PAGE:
The Cubs have won 12 of their last 16 games.
Their starters have an ERA of 1.13 in their last five.
They are playing the kind of baseball we haven’t seen all season and you’re thinking, maybe even saying out that that they’re playing the kind of ball you want to see all year because next year is the year, for sure, right?
Stop right there. Listen to yourself. You sound like the last 104 years. That kind of sucker play is exactly how past administrations at Clark and Addison handled things. They became mesmerized by a nice short-term result. They lost track of long-term goals, if they even had a long-term idea.
This administration won’t make that mistake. At least, that’s what Theo Epstein and his pals said. This hot streak spurred by some terrific games by some of the best rumors on the market creates the perfect situation to test Epstein’s resolve. A hot streak doesn’t mean that sustained success is complete. In this case, it means that Epstein ought to be able to wring out top value by the trade deadline on July 31. The new, extra wild-card berth this season gives Epstein even more suckers to fleece.
That’s the play now. That was the play all year, but it’s especially important to be reminded of it now. When you finally see the Cubs play actual baseball after the ugliness the first half, it’s easy to think great thoughts about all of these suddenly wonderful future Hall-of-Famers.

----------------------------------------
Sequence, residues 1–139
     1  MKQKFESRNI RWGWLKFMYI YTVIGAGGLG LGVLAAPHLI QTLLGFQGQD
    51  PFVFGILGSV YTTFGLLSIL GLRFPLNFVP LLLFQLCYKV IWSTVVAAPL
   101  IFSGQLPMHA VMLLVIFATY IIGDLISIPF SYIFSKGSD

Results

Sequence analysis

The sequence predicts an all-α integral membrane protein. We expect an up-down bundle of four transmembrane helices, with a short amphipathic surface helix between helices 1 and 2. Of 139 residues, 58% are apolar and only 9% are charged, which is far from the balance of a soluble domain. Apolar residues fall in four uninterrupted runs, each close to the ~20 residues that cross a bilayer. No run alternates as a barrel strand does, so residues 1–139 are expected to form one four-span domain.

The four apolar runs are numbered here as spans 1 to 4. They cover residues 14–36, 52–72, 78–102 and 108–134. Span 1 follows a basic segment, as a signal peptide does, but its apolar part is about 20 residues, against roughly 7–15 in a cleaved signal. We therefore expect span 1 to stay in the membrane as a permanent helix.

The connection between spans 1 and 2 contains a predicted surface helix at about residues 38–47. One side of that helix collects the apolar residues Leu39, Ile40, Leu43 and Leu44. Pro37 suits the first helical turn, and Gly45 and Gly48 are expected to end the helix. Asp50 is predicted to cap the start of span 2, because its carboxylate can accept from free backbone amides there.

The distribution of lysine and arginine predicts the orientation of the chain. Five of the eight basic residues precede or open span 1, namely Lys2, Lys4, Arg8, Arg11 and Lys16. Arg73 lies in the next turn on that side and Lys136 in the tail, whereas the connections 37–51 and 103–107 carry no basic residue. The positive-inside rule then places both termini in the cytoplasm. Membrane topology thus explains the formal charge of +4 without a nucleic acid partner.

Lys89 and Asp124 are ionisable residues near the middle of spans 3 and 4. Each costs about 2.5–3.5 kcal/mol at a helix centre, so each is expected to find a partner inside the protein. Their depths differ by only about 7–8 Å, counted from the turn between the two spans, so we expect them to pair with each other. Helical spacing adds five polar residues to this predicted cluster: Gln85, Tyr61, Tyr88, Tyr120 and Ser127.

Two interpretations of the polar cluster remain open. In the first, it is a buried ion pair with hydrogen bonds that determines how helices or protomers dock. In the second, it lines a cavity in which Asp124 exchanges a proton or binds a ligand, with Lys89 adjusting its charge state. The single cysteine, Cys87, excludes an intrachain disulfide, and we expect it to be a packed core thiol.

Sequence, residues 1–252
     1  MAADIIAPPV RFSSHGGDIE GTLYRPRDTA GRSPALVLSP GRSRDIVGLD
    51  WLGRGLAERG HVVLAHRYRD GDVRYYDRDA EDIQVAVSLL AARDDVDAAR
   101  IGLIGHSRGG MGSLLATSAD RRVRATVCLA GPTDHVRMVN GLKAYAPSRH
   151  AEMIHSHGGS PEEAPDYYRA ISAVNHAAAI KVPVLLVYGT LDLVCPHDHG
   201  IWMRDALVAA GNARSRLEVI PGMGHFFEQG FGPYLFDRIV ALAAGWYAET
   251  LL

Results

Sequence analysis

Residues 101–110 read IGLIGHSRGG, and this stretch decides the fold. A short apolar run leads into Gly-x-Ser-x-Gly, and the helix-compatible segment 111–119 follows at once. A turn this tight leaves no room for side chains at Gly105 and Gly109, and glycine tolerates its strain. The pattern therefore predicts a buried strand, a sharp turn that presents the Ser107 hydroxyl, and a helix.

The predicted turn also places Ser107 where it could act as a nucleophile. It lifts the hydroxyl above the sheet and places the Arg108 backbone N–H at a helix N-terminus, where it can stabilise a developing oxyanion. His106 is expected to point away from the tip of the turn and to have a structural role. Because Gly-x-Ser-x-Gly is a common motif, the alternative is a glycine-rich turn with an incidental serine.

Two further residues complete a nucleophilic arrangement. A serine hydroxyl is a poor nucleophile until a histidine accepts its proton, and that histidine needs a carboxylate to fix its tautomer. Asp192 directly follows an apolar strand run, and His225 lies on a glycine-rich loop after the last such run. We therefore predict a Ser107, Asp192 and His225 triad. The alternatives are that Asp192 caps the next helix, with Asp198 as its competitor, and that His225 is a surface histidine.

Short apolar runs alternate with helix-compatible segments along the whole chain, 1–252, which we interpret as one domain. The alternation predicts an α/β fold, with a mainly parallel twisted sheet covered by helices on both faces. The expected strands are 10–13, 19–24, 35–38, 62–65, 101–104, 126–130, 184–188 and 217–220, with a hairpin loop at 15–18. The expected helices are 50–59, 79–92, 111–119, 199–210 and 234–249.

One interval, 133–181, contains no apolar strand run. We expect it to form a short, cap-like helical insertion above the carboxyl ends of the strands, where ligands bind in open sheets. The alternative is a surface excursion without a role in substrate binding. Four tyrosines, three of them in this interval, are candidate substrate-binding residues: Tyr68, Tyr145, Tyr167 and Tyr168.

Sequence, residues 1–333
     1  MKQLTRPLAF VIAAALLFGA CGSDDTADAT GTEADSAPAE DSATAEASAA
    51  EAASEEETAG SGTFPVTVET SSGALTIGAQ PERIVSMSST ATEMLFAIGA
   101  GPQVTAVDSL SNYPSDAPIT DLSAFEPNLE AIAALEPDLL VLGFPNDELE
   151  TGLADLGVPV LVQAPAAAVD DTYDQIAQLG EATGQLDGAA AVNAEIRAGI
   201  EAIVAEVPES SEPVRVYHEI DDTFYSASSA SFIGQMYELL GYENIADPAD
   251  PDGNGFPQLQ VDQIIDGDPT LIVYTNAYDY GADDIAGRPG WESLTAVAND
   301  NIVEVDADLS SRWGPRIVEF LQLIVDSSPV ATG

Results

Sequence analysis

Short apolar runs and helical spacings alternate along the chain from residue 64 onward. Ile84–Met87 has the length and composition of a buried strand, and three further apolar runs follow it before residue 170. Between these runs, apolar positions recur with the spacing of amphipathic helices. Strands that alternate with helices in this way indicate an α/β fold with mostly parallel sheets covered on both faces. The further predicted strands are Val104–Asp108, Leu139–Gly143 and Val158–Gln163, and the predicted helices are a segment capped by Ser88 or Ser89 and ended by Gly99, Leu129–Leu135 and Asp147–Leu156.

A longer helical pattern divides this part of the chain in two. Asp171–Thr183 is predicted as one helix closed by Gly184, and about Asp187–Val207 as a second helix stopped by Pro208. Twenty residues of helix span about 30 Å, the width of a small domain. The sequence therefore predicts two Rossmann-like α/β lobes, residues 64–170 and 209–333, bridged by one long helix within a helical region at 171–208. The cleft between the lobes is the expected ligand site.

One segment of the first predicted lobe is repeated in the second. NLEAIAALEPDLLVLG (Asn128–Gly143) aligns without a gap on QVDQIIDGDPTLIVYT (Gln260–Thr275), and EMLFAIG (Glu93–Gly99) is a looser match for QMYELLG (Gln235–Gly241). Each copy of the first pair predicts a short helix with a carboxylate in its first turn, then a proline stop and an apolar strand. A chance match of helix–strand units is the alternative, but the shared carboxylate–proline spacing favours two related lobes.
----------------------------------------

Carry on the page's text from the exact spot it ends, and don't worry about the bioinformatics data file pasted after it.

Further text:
I don’t expect Epstein to do that. Ryan Dempster and his 33 consecutive scoreless innings still must be traded. Same goes for Matt Garza and his seven shutout innings against the Diamondbacks on Sunday. Carlos Marmol, too, if someone has a stadium equipped with defibrilators. Darwin Barney, Bryan LaHair and Reed Johnson, hang loose.
I love the way Barney has been playing. He has been good for a web gem a night and he is showing some offensive life. How much am I offered for him?
How much am I offered for any of them? The Wrigley yard sale must go on as scheduled.
Cubs fans who are finally getting their money’s worth likely hate this idea after finally getting their money’s worth. But, sorry, this team isn’t that good and this is no time to overlove your heroes.
Look, this is the type of streak that even bad teams enjoy. The trick is not to get fooled. Remember, Mike Quade had a good streak when it didn’t matter in a dead season. He earned a big-boy contract, and how’d that work out for everybody?
Past general managers and TribCo dolts would look at this current Cubs surge and believe that a little tinkering would make this group a winner.
Don’t be those guys. Be smarter.
The plan must remain the plan. I trust that Epstein won’t get suckered by a pretty, shiny winning streak. I trust that Epstein still realizes that half of his roster needs to pick up the white courtesy phone.